- It is a semi classical Indian dance with martial, tribal and folk traditions, with origins in eastern India.
- It is found in three styles named after the location where they are performed, i.e. the Purulia Chau of Bengal, the Seraikella Chau of Jharkhand, and the Mayurbhanj Chau of Odisha.
- The stories enacted by Chhau dancers include those from the Hindu epics the Ramayana and the Mahabharata, the Puranas and other Indian literature
The dancer impersonates a god, animal, bird, hunter, rainbow, night, or flower. He acts out a short theme and performs a series of vignettes at the annual Chaitra Parva festival in April.
In another form of Chhau, practiced in the Mayurbhanj district of Orissa, the actors do not wear masks, but through deliberately stiff and immobile faces they give the illusion of a mask. The style of their dance is vigorous and acrobatic.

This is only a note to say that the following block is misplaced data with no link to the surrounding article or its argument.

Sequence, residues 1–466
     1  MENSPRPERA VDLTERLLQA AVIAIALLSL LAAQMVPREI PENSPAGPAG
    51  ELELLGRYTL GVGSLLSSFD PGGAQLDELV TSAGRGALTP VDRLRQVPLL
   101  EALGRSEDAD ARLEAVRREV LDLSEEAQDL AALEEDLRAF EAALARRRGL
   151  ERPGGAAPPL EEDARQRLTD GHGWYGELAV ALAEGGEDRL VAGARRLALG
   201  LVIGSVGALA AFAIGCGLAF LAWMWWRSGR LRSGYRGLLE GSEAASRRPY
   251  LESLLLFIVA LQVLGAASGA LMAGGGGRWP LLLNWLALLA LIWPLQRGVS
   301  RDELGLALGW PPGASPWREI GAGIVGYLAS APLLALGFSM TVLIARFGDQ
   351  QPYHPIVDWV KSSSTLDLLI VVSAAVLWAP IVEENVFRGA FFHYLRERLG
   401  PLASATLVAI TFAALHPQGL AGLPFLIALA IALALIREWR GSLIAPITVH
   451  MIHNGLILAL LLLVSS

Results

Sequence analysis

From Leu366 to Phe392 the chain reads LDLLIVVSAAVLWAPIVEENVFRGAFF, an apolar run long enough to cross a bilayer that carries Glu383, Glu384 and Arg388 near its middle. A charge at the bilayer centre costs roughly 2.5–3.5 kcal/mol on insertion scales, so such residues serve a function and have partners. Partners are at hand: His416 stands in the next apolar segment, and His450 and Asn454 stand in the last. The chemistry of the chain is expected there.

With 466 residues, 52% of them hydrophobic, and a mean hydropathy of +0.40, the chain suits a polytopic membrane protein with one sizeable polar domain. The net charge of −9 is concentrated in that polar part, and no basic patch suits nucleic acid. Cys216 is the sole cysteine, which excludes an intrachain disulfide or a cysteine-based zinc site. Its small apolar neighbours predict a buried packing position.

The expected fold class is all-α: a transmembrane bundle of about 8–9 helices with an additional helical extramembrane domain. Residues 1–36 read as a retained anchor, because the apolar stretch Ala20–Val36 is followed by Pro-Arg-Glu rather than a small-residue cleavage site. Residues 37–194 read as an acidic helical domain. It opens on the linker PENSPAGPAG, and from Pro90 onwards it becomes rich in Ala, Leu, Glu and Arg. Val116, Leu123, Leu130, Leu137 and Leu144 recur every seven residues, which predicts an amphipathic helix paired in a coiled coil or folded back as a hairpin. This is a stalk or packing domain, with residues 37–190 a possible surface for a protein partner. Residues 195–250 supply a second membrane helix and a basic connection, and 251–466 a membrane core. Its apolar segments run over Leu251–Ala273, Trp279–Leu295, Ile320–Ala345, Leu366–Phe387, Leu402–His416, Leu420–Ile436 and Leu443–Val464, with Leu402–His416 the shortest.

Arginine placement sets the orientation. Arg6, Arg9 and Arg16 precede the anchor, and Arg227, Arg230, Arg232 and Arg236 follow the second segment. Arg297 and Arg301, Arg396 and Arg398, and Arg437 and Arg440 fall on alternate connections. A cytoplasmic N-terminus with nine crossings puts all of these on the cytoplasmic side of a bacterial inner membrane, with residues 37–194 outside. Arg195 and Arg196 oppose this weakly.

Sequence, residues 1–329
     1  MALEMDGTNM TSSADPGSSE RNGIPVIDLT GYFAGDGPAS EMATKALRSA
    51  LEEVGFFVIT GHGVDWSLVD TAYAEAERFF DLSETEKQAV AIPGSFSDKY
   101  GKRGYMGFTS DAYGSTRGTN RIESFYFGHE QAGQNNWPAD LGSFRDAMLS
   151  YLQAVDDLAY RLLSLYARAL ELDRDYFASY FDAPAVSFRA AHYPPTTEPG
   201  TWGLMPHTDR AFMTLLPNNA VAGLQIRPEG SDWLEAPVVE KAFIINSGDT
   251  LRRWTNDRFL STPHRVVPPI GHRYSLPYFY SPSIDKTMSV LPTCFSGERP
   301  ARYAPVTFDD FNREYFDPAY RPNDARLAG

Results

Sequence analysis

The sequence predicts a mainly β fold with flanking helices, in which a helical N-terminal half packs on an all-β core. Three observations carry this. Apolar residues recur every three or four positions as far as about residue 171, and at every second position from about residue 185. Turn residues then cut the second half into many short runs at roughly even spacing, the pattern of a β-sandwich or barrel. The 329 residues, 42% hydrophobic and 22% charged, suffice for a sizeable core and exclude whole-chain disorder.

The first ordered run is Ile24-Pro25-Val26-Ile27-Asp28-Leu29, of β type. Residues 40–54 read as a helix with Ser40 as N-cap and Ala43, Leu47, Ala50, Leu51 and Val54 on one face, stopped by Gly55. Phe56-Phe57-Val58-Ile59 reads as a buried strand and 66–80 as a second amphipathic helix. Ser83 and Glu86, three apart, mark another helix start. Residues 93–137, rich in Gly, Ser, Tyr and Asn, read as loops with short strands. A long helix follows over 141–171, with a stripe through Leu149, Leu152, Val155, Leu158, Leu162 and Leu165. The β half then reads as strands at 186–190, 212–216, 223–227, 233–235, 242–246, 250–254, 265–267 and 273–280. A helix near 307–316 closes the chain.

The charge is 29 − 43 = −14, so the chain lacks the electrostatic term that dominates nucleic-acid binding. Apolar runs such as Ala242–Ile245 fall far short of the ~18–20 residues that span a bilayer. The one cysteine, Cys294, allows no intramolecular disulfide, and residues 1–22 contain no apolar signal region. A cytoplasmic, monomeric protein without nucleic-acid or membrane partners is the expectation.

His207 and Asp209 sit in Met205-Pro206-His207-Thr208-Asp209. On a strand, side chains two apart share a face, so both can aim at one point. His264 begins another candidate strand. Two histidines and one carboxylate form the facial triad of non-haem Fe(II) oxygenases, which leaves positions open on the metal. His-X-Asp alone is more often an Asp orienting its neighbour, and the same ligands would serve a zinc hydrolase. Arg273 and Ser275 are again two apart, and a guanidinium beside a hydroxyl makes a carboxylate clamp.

Salient features associated with this dance form:
- There are three types of Chhau dance forms: Saraikela, Mayurbhanj and Purulia (West Bengal)
- Chhau is taught to male dancers from families of traditional artists or from local communities
- Its vocabulary of movement includes mock combat techniques, stylized gaits of birds and animals and movements modelled on the chores of village housewives.
- The dancer’s face being expressionless, the chhau dancer’s body communicates the total emotional and psychological tensions of a character.
- The dancer is mute; no song is sung. Only instrumental music accompanies him
- The dance is rhythmic and is set to traditional folk music, played on the reed pipes mohuri and shehnai.
- Chhau dance was inscribed in the UNESCO’s Representative List of the Intangible Cultural Heritage of Humanity in 2010